A COMPARATIVE STUDY ON MEDIA PRIMING AND LOCAL OPINION LEADERS ON SABAOT LAND CONFLICT IN MT. ELGON

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ABSTRACT
This study explored how media reported the conflict in Mt. Elgon and whether it represented the
beliefs of Mt. Elgon residents. Media and conflict have been linked together and the media’s
reporting has an impact on conflict direction. Mt. Elgon conflict was never isolation and the
media played its part. However, recent reports have indicated that the militia could be
regrouping, a sign that the conflict never ended and might be looming in the near future. The
study looked at how the media primed the conflict and whether it played its roles in conflict
situation. It further compared media reports and the opinions of the local residents. A content
analysis of 130 newspapers was conducted sampled from two major dailies in Kenya: The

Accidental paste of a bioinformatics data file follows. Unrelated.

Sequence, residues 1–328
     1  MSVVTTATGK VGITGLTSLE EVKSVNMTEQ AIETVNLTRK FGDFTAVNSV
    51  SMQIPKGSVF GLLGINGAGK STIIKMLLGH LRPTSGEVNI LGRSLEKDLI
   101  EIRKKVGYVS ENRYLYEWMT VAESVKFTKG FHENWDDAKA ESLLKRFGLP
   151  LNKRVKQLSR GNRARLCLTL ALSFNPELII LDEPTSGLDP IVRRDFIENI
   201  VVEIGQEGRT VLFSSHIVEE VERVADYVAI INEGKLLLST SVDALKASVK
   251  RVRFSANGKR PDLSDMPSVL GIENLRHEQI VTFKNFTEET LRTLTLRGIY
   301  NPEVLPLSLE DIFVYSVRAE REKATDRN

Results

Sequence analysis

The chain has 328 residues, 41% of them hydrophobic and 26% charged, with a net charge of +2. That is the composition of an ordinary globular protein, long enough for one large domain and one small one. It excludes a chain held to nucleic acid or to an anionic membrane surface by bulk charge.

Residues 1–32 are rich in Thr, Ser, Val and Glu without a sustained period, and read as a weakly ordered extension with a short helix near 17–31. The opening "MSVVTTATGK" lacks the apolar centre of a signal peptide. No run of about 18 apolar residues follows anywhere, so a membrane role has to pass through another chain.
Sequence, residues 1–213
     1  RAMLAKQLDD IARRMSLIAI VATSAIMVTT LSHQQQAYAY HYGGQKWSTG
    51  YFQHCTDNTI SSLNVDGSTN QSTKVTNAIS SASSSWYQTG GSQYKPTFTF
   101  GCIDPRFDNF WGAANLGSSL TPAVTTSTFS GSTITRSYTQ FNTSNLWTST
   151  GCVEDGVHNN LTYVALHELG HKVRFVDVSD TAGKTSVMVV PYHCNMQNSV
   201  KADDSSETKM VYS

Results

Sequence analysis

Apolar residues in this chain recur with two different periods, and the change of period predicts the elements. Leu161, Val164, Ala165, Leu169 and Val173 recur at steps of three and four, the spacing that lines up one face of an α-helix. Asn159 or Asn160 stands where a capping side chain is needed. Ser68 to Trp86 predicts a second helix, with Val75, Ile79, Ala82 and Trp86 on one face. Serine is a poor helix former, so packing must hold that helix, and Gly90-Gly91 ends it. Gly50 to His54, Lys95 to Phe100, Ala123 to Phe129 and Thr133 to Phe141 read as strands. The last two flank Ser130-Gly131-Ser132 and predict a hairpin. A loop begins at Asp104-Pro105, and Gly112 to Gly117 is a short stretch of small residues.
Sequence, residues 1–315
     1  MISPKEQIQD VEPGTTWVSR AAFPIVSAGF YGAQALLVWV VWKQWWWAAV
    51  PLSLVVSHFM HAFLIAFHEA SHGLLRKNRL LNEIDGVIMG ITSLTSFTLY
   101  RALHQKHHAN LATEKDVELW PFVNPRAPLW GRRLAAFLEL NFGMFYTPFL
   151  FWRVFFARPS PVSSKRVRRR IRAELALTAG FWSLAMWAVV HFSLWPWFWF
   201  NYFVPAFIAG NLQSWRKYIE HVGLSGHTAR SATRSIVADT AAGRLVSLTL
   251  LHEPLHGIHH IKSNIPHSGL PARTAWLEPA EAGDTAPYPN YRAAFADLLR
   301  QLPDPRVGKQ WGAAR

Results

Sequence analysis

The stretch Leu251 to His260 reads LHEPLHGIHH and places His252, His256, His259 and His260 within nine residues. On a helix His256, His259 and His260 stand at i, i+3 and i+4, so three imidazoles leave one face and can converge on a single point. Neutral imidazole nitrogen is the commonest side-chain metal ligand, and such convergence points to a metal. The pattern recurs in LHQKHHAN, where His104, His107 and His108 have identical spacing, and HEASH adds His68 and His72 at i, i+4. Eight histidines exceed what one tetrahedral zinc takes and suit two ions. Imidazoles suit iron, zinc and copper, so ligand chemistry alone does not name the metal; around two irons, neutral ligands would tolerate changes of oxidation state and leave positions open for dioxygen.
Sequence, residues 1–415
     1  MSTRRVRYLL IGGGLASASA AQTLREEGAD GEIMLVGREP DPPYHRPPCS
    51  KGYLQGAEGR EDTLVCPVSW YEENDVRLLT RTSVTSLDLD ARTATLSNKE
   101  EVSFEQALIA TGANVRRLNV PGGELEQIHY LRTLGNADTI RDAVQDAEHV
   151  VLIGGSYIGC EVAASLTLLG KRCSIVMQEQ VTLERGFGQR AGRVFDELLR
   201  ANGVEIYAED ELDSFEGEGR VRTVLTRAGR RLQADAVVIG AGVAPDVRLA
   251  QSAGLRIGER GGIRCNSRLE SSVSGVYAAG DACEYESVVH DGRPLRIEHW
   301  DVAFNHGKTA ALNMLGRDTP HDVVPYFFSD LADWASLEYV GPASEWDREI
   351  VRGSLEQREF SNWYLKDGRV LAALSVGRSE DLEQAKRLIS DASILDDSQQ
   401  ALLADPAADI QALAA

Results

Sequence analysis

Standard and the Daily Nation, between 2007 and 2008. Key informant interviews were also
done to be able to complement the content analysis and establish what the beliefs and opinions of
the local leaders is of this conflict and the media reports. The results show that the media
remained objective and not biased in reporting the Mt. Elgon land conflict. The media gave very
little prominence to the conflict in Mt. Elgon with scanty reports and poorly positioned accounts
of this conflict. The media faced one outstanding challenge of not being able to access the area of
conflict and had to rely on a few people on the information on conflict situation as gathered from
the interviews. Therefore, the media did not substantively play its roles in agenda setting,
watchdog, and informing the public. Local leaders have come out to state that the media’s
reporting of this conflict was contrary to what was happening on the ground. They have also said
that the media did not give this conflict the necessary attention while appreciating that in deed it
was very tough for the media to penetrate the conflict area.

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